Abstract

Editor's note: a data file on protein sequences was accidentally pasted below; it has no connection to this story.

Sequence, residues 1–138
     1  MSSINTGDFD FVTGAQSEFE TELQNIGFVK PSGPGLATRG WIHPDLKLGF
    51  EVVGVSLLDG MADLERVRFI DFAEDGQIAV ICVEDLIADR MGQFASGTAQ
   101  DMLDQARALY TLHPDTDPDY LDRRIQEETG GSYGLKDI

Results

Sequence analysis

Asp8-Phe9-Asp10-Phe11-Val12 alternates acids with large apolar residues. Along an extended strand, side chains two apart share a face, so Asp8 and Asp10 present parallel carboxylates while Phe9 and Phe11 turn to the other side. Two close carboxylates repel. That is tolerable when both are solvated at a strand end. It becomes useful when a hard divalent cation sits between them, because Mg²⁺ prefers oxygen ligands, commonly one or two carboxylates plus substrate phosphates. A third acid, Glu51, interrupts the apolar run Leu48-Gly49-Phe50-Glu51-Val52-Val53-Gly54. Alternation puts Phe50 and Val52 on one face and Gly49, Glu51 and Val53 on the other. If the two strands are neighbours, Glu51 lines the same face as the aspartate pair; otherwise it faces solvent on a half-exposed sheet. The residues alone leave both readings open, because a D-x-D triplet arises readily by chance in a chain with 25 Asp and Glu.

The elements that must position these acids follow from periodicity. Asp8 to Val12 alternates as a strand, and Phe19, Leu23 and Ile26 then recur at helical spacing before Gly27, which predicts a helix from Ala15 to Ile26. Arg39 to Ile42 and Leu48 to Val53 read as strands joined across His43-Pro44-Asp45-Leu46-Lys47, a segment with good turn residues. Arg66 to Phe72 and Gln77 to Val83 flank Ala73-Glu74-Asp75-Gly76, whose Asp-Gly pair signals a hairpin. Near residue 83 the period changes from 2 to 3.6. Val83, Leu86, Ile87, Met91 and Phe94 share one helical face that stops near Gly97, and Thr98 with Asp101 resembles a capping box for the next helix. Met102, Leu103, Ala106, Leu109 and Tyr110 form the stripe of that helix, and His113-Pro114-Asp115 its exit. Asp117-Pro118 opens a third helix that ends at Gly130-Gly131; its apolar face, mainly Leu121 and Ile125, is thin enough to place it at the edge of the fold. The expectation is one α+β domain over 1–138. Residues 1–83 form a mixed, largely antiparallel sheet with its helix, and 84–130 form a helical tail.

Mesocrystals attract increasing interest in the fields of physics, chemistry, materials, and Earth sciences. Yet, structural properties of this new class of solid materials are not fully described. Biominerals often display complex hierarchical mesocrystalline organizations. We report on the crystallography of sclerites, which are small (~80 μm), beautifully shaped calcitic biomineral structures found in the living tissues of octocorals. Despite a layered concentric structure, the submicrometer crystalline units constituting the sclerites display a remarkably simple crystallographic organization of similarly oriented units with only a low degree of misorientation between them. Some sclerites display crystallographic sectors, leading to the concept of “mesotwin.” A mesotwin is to a twin what a “mesocrystal” is to a crystal: an analog with defects. On the basis of EBSD data, we propose a simple conceptual crystallographic model that accounts for the observed features. This model involves different rhombohedral unit blocks, with identical shapes and volumes, but different crystallographic faces. EBSD data show that quite unexpectedly slight misorientations of crystallites in the sclerites are not at random but organized around the three equivalent a axes of the hexagonal unit cell of calcite. In a subtle way, the overall organization and morphologies of the red coral sclerites are connected to the calcite crystallography.

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